[Date Prev][Date Next][Thread Prev][Thread Next][Date Index][Thread Index][Subject Index][Author Index]

Re: Deinonychus claw use and origin of flapping




Thanks to everyone for the comments and kind words. I had hoped that our paper 
might push some of the discussions on flight / predatory ecology in some new 
directions, and I welcome such studies as suggested by Dr Holtz on the troodon 
teeth.


A few notes based on what people have said so far.

1. Supp info.
I don't know if anyone read the supp info, but there is a bit of content in 
there (it would seem ppl generally don't, read supp; I'm going to stop writing 
so much),. Supp text contains some discussion of previous claw papers, notes 
about WAIR, Zanno & Mackovicky's herbivore/omnivore paper, comparisons to the 
Seriema bird and..

2. The Tendon Locking Mechanism (TLM) of the foot
I found this fascinating, and consider the different possibilities for the 
functional origin. On the discussion here about roosting... is it possible to 
roost without a TLM? I would guess all extant birds that roost have a TLM 
already (unless there is a group that lost it, that also roosts), but maybe 
there is a mammal (excluding bats; they have a TLM) or some lizard maybe that 
has solved the problem of sleeping in trees without the need to lock the feet 
for the night.

3. The ability to do something is not the same as selecting for it.
I agree that little theropods may have been able to climb trees, but the 
ability to perform an action is not the same as having a selectable pathway by 
which morphology can be changed. I remain skeptical about arboreal / scansorial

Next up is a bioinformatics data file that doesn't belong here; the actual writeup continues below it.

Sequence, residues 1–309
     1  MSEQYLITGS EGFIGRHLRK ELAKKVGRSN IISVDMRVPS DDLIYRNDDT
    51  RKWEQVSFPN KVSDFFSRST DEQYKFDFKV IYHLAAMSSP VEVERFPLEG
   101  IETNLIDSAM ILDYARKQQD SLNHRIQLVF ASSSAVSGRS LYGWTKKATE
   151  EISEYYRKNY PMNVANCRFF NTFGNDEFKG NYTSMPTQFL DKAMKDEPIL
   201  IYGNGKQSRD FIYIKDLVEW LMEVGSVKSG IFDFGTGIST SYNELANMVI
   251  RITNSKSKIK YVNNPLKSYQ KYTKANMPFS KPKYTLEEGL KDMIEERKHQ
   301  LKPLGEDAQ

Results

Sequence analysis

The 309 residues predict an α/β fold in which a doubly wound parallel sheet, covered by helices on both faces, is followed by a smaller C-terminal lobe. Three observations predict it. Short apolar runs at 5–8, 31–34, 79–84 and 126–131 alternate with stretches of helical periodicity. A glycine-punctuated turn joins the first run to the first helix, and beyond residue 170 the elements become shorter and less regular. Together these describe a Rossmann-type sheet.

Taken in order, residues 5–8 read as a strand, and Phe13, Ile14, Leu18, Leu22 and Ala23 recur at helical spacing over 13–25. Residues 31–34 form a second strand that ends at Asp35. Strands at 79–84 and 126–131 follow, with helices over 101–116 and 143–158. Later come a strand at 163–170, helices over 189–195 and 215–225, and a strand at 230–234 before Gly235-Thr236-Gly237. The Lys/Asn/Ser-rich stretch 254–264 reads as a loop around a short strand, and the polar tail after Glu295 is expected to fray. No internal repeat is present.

adaptations or habits in these small theropods, especially regarding the 
subarctometatarsalian metatarsus of the basal deinonychosaurians. This is a 
cursorial adaptation, so why it would be selected for in an arboreal animal is 
currently unexplained.

Anyway, thanks again for the comments.

Best,


Denver.


----------------------------------
Denver Fowler
df9465@yahoo.co.uk
http://www.denverfowler.com
-----------------------------------


________________________________
From: Tim Williams <tijawi@gmail.com>
To: dinosaur@usc.edu 
Sent: Thursday, 15 December 2011, 22:22
Subj

Anthony Docimo <keenir@hotmail.com> wrote:

>  so you don't think dinosaurs could handle slopes,

Of course dinosaurs could handle slopes.  But *as well* as goats can...?


> and you don't think dinosaurs could handle trees.

I never said that.  I said I want evidence.  More than just "Why not?"


>  see bottom of the post.  I never said unscalable terrain - I said uneven 
> terrain.  you know...hills.  mountains both high and low.


You've gone off on a tangent here.  The ability to negotiate narrow
ledges and very steep terrain also makes goats adept at climbing
trees.  This is not the same as walking up a hill.


Plus, did I mention that goats are mammals?  Yes, I think I did.  ;-)


>  amphibious, maybe...but not specialized for an aquatic life (like manatees 
> are)


In this context, "aquatic" vs "amphibious" is a distinction without a
difference.  Check out Liu et al. (2008; PNAS 105: 5786-5791).  The
point is that early proboscideans like _Moeritherium_ are inferred to
have spent most of their time in water.


>  sure.  but *hills*?


What have "hills" got to do with it?  The ability to climb up a hill
is not the same as the ability to climb up a tree.






Cheers

Tim